The Human Scene: Imagine this scenario.
Your “old faithful” vacuum cleaner is on its last legs. With a sigh of resignation, you finally give in to your patient spouse’s demand to invest in another one.
You recall that, by chance, you recently came across an ad for a new, state-of-the-art model of Ajax cleaners, replete with features right out of this world – and with a price tag that surely does it justice. You walk into a neighbourhood store and ask whether they have it.
“A superb choice, for sure!” exclaims the salesperson. “You won’t regret it for a second.” His itchy fingers reach out to grab your credit card. But through bitter experience, you know already never to make a major purchase without comparing prices at another outlet or two.
“What, you have money to burn? You don’t look like it to me,” is the unexpected reaction of the second retailer. “Fantastic features? Well, it’s just possible that you’d find them useful if there were a dozen tiny feet running around the house, making one big awful mess. But you folks are empty-nesters, so what for?”
So saying, he introduces you to a somewhat more economical machine, which matches your needs more closely. Are you dreaming?
This species of business person may be as rare as diamonds, but many of us have encountered at least one live example at some stage or other.
The question is – what has any of this got to do with the burgeoning world of online marketing?
The E-mail Way: Thousands of lines have been written on the superiority, in so many respects, of electronic communication.
E-mail is so much faster, both with regard to preparing the copy and the speed of transmission. It’s an awful lot cheaper too, and from the user’s point of view, it is simplicity itself.
As marketing professionals, however, are we making the best use of it? Perhaps, precisely because of the ease and speed of this revolutionary communication medium, our e-mail messages tend to be rather cold and impersonal.
This has its advantages, because it helps us to focus on the information we need to convey and to eliminate background waffling. But to the extent that we lose the personal touch, we let go of marvellous opportunities.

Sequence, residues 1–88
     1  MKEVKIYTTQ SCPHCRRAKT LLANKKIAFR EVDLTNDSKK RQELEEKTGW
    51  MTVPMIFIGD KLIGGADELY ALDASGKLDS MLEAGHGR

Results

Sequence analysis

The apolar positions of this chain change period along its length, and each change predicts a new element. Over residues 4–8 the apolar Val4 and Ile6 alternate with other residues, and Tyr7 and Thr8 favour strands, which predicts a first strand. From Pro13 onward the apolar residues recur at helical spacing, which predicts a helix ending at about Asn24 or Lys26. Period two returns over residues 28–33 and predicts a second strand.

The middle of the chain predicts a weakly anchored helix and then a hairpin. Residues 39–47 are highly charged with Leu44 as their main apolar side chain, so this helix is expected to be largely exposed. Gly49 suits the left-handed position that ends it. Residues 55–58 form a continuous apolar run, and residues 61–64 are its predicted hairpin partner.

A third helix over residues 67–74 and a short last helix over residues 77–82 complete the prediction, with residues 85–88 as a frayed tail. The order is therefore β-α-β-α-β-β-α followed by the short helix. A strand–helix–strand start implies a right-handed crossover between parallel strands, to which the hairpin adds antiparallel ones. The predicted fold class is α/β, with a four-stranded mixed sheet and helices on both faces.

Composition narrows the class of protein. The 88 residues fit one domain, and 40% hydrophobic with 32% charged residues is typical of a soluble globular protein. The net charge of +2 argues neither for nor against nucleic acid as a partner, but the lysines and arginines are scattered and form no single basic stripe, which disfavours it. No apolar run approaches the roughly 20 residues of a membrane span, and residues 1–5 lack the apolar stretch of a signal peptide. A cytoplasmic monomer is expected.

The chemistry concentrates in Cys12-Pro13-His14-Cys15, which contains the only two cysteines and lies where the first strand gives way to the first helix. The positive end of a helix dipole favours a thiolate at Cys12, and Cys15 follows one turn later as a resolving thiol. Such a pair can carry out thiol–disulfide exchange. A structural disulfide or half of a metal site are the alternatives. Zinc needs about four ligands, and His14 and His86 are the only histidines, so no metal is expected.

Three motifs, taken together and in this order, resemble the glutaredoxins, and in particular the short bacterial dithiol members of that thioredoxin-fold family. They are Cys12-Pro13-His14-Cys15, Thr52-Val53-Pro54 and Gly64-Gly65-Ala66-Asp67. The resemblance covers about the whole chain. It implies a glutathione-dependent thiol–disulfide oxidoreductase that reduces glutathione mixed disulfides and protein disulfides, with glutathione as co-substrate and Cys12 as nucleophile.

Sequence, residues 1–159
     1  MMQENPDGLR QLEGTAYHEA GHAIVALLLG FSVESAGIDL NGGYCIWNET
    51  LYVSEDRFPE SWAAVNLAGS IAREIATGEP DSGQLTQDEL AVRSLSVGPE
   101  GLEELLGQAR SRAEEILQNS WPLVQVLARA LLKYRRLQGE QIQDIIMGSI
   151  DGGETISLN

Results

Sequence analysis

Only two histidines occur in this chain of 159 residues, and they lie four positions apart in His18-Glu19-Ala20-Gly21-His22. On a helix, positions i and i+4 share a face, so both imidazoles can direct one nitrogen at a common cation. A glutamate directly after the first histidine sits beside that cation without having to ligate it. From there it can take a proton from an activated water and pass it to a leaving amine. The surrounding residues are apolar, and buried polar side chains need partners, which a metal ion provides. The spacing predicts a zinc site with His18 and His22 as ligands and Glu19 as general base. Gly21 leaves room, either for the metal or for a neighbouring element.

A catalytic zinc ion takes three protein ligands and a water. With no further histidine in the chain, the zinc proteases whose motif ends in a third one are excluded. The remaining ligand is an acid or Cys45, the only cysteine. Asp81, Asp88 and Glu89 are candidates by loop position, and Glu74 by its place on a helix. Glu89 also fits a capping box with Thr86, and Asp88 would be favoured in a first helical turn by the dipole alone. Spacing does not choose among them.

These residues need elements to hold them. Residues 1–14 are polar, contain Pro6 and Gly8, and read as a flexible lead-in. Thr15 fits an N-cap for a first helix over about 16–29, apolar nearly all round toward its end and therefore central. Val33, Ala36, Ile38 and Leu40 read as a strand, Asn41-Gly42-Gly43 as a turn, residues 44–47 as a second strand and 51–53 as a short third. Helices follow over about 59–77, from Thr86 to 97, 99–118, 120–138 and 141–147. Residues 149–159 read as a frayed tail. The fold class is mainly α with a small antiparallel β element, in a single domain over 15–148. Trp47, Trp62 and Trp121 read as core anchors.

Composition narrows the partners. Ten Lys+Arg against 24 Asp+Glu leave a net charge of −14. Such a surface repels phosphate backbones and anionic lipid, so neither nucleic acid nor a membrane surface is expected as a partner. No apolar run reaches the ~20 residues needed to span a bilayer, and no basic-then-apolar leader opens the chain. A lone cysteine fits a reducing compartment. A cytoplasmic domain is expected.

Somebody writes us that he is interested in our product or service because he needs to solve a specific problem. They may or may not proceed to buy the goods.
But at any rate, do we drop them a line a week or two later to ask whether the problem is now a thing of the past?
Imagine dealing with the same customer who walked into the store and you asked them to wait around till it was convenient to you to attend to them.
If we hear on the grapevine that a customer or associate of ours is not well, do we send heartfelt wishes for a speedy recovery? Do we wish a safe and happy trip to a client about to leave for the holiday of a lifetime? We would certainly do it if we were in their company at the time. It would be an instant action or reaction.
The big question is can we afford to react and behave differently in these situations, or should we start getting into the great habit of using all these tools in the most efficient way.
A large company may use sophisticated software to do all this, but never allow the impression that anything other than a warm, sympathetic human composed your letter.
There is no prize for guessing on what book title we have parodied the title of this article. But while some accuse Carnegie of being self-serving and over-patronizing, we are advocating genuine concern and empathy.
The financial rewards will follow as a matter of course. The vehicle to attain this can be either email, in person or any other form of contact you might have. Treat them all with the same dedication.